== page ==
have for the discarded paper wrapper from a fast-food
She couldn't do that again. She couldn't allow herself
to be used or she'd be all used up, with nothing left of
herself to salvage.
But what about Grace?
Jackie had heard rumors of Grace. She was a human woman
who'd sacrificed herself to save a Theronai warrior who'd
become paralyzed. She'd taken on his injuries, freeing him,
while she lay trapped and dying, her human body too weak to
combat the poison that had caused his paralysis. No one had
been able to save her. Not even the vampirelike healers
these people called Sanguinar.
"Stay away," she warned, working hard to make her voice
firm and unyielding. Sometimes that tone had worked to keep
the smaller monsters away. For a while.
She backed up, holding her hands in front of her to push
him away if he got too close.
His eyes shut as if he was waging some internal
struggle. When he spoke, his voice was gentler,
pleading. "I'm Torr. I'm not going to hurt you. But I need
you. Grace needs you. You may be her only hope."
Jackie covered her ears before she could hear more. She
didn't want to be anyone's only hope. All she wanted was to
regain her life. "I can't. I'm sorry."
The man lurched forward and grabbed her arms. He moved
so fast, she hadn't even seen it happen until it was too
late. Violent, harsh vibrations battered her skin wherever
he touched. They shook her bones and made her insides itch.
He stared down at the ring all the men like him wore on
their left hands. A rioting swirl of colors erupted beneath
the surface of the smooth, iridescent band. Jackie watched
as his matching necklace did the same.
The luceria was what they called the jewelry. Two pieces
linked irrevocably together by magic she didn't care to
understand. They were used to unite couples the way her
sisters had been united to their husbands -- to channel
magic from the man into the woman. While that link allowed
the women to do incredible things, Jackie wanted no part of
it. This was not her world.
He took her hands in his and brought them to his throat,
curling her fingers around his necklace. "Take it off. I
need you to wear it."
The slippery band felt warm. A cascade of yellows and
golds rushed out from her fingertips, flying along the
"No. Leave me alone."
His lip curled up in a snarl. "I won't. I can't." His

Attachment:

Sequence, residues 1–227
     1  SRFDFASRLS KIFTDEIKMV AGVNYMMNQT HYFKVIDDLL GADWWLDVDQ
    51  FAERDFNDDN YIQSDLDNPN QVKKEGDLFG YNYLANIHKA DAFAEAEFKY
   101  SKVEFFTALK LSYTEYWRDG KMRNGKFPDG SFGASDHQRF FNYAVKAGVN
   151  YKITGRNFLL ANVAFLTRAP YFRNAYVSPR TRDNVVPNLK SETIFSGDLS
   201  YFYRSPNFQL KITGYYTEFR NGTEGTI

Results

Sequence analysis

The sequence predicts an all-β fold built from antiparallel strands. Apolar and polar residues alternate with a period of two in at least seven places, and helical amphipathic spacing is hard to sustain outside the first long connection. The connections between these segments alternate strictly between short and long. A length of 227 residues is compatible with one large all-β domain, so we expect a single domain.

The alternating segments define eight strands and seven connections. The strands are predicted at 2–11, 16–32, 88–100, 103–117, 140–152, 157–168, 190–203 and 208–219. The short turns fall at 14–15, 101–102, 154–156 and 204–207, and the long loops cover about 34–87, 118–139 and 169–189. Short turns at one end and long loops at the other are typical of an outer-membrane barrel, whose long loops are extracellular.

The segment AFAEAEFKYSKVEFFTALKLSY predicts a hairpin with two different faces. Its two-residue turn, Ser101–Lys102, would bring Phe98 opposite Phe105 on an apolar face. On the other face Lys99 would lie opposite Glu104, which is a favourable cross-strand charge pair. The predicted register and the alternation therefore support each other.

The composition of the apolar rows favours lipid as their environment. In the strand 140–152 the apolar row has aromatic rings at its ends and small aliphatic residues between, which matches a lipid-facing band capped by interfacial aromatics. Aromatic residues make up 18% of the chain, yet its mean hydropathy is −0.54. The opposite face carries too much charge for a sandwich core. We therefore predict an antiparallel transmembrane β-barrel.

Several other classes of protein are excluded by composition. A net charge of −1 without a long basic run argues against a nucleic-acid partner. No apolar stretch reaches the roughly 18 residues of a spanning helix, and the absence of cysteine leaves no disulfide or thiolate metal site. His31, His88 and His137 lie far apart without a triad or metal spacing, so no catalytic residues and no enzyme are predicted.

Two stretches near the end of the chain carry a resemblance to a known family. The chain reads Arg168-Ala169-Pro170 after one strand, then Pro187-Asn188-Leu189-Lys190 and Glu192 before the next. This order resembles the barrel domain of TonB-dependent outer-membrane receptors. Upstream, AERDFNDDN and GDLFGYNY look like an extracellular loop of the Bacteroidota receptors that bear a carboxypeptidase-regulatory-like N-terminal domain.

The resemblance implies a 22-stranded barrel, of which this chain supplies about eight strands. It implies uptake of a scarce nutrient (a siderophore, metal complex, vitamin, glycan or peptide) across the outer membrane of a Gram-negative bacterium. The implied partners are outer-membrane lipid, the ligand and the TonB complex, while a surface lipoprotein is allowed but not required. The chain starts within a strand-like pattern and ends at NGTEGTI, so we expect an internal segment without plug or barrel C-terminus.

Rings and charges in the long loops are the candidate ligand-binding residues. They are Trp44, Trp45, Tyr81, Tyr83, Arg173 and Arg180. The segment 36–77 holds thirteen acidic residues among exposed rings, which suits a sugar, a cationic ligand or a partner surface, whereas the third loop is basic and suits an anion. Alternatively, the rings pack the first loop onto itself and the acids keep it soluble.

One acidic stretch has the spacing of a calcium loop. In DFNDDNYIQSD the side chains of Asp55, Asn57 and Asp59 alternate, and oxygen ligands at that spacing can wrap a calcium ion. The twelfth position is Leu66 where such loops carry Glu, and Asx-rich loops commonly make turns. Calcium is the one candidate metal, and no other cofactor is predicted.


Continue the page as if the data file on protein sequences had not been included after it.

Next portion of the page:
grip on her hands tightened until her fingers began to
tingle from lack of blood.
"Please," she begged him. "Let me go."
The frantic desperation in his gaze grew until his eyes
were fever bright. He backed her against a wall, pushing
hard enough to knock the wind out of her. "Do it!"
Jackie couldn't bear to look at him and see his need.
She knew he was in pain -- all the men like him were -- and
she wanted to be the kind of person who would help, but
she'd paid her dues. She'd been used for her blood, fed on
for two years. She'd kept other women and children alive.
Not all of them, but some. She couldn't let this man or any
other use her now, not when she was finally free.
His body pressed against hers. She could feel the hard
angles of bones and muscle, feel him vibrating with anger.
She didn't like it.
Fear built inside her, but she was so used to it, she
hardly noticed. Her fingers went numb and cold. She tried
to shove him away with her body, but it was like trying to
push a freight train uphill. He didn't budge an inch, and
her efforts seemed only to anger him further.
"Stop fighting me. I told you I'm not going to hurt you."
"Then let me go."
He let go of her hands, wrapped his arms around her, and
lifted her off the floor. "We're going to go see Grace.
Then you'll make the right choice."
No. Jackie didn't want that. She didn't want to witness
any more suffering. She'd had her fill of watching the pain
and torture of others.
She kicked him, landing a solid blow against his shins.
He didn't even grunt. Instead, he tossed her over his
shoulder. His bones dug into her stomach, and a wave of
nausea crashed into her. She struggled not to puke over his
back while she pounded at him with her fists.
"Put me down!"
A low, quiet voice came from behind them. "I suggest you
do as the lady asks, Torr."
Iain. She'd know his voice anywhere. Calm. Steady. It
slid over her, allowing a small sense of relief to settle
in between the cracks of her panic.
Torr turned around and eased Jackie's feet to the floor.
Her head spun, and she reached for the wall to steady